Graphics Interchange Format 1: Research

Curate a set of 5 animated GIFs from the web and post them to your tumblr. Capture a range of styles and rhetorics. Aim to collect a varied set: each GIF should uniquely demonstrate a different aesthetic or technical feature of the image format. Bonus points for thematically unifying the set (they could all be Bowie, or cat, or abstract, or eye-roll, or architecture GIFS.) Find GIFs that reflect different stages in the history of the format — both contemporary and historic ones. At least one should have a text component.

Look in tumblr, giphy, google, imgur, reddit (https://www.reddit.com/r/gifs/), gifcities, etc. (Don’t just use giphy!) Also check the recommended reading links below for fascinating, historic GIFs.

Present your set to class with a brief (5 minute) explanation of why you chose your 5 — what aspect of each one is noteworthy. Indicate what is interesting and particular about GIF as an image format — what it can do that other image formats can’t — with reference to the particular GIFs you chose.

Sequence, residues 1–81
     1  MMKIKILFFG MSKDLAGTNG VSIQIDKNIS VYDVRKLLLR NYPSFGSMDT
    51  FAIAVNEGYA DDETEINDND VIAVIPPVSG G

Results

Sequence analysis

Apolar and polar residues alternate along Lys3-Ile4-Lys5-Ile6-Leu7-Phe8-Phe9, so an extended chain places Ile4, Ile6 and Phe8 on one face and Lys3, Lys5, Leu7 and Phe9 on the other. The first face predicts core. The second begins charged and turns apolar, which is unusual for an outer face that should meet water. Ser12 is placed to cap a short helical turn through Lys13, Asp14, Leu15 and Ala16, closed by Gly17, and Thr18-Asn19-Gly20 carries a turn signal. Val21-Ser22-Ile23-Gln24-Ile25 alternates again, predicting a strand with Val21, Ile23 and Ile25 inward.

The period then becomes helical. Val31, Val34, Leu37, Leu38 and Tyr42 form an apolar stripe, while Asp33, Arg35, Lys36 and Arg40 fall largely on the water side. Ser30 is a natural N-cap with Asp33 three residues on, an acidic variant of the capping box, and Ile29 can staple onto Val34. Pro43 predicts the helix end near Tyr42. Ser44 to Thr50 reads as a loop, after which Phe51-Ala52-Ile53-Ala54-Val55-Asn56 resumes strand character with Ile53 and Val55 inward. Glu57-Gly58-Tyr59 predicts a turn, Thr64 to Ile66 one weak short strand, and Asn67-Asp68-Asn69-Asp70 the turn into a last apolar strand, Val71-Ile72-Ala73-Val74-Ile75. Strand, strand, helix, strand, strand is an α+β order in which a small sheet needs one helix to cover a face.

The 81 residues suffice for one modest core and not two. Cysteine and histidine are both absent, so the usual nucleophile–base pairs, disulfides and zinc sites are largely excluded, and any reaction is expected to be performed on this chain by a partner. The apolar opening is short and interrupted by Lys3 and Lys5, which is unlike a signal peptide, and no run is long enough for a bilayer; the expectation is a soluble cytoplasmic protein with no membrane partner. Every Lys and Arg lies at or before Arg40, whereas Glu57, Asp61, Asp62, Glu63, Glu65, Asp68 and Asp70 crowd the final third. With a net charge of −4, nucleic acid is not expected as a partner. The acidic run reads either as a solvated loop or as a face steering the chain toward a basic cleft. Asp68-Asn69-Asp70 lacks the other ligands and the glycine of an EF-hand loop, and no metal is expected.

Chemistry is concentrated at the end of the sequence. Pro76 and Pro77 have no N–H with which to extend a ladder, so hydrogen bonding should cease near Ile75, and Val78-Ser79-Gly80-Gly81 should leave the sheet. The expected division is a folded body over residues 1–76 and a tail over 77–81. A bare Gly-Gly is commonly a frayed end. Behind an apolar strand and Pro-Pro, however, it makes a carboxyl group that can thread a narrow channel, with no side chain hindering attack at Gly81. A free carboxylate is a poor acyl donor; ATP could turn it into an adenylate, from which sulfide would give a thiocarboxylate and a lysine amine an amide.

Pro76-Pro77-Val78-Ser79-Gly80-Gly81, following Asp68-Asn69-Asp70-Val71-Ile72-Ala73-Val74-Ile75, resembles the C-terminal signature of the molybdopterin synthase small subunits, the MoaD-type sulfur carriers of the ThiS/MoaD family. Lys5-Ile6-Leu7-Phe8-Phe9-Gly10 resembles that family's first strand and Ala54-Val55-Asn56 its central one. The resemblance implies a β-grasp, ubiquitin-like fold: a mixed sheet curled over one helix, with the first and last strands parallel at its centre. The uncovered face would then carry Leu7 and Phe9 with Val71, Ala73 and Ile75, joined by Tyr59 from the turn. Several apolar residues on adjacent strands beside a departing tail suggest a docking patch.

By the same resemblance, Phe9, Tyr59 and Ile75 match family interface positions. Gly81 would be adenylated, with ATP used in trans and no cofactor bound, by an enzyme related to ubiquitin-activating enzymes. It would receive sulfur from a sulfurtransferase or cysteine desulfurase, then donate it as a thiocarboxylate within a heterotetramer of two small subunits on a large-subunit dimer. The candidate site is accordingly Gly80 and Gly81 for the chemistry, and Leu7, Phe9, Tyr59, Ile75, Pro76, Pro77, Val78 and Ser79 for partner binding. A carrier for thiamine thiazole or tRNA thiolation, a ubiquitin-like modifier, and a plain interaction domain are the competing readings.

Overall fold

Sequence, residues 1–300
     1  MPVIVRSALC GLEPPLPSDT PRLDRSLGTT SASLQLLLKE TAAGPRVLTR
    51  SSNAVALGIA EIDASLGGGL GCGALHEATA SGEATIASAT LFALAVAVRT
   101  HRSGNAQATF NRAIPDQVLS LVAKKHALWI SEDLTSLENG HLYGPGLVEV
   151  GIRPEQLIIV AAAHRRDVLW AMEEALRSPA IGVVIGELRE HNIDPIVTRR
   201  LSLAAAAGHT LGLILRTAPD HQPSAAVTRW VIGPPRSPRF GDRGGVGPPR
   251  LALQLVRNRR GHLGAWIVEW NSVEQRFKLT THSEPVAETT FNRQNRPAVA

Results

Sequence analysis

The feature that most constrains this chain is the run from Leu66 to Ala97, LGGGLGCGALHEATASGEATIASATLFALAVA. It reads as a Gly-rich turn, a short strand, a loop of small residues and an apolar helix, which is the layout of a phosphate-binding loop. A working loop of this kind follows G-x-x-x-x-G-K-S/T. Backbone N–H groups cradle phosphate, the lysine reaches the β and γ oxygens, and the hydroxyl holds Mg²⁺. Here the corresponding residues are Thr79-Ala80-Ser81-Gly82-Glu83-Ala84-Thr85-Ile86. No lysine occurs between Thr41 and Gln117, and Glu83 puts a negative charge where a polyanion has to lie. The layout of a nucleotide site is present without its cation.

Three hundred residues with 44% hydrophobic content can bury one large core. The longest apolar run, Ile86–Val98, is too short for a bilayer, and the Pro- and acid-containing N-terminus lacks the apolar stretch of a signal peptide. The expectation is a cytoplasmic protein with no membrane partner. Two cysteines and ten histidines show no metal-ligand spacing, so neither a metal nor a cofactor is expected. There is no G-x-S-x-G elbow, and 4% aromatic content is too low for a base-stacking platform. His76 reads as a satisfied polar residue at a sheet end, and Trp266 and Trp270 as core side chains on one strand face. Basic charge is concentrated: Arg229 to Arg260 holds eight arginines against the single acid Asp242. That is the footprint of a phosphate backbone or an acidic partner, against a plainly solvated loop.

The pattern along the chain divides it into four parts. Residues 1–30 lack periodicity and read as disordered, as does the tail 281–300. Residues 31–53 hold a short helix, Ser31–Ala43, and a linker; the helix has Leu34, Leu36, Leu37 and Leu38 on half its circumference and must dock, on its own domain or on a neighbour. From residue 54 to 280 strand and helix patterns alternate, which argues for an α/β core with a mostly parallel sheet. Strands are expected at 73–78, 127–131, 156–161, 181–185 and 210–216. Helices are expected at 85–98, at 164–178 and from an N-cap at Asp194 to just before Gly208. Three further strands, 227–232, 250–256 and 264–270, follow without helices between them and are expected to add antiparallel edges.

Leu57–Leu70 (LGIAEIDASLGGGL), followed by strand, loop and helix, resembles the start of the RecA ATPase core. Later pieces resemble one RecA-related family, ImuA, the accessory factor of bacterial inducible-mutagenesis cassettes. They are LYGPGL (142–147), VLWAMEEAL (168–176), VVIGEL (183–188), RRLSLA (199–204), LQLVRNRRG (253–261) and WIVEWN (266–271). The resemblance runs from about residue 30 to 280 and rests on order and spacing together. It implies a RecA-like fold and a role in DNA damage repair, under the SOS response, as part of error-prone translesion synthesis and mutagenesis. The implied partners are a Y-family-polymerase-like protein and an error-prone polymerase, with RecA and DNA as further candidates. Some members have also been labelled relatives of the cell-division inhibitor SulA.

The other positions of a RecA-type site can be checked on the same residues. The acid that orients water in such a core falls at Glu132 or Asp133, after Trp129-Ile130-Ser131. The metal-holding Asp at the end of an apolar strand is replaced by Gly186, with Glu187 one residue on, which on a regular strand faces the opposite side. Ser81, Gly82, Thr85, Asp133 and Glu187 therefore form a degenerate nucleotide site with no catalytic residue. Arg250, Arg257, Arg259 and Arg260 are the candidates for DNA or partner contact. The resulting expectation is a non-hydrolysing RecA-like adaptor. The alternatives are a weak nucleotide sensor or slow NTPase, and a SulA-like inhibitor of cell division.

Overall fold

Hello world!

Begin with this content: the standard test message “Hello, world.”
Use Google Drawing. Experiment with every option in this minimal software for editing, distorting, illustrating etc. this generic salutation. By the end of this process, the real “content” of your image should be that of its technical medium, the software you used to produce it.
What does this mean? Aim to show the peculiar structuring mechanisms of the medium. See if you can explore all the possibilities for form in this particular tool.
Content must remain legible.
Each of the 5 images should be significantly different.
Say “nothing,” in order to explore and reveal the formal dimensions of a software.
Make a series of 5 images.
Export your images as a jpgs and post a slideshow to your tumblr.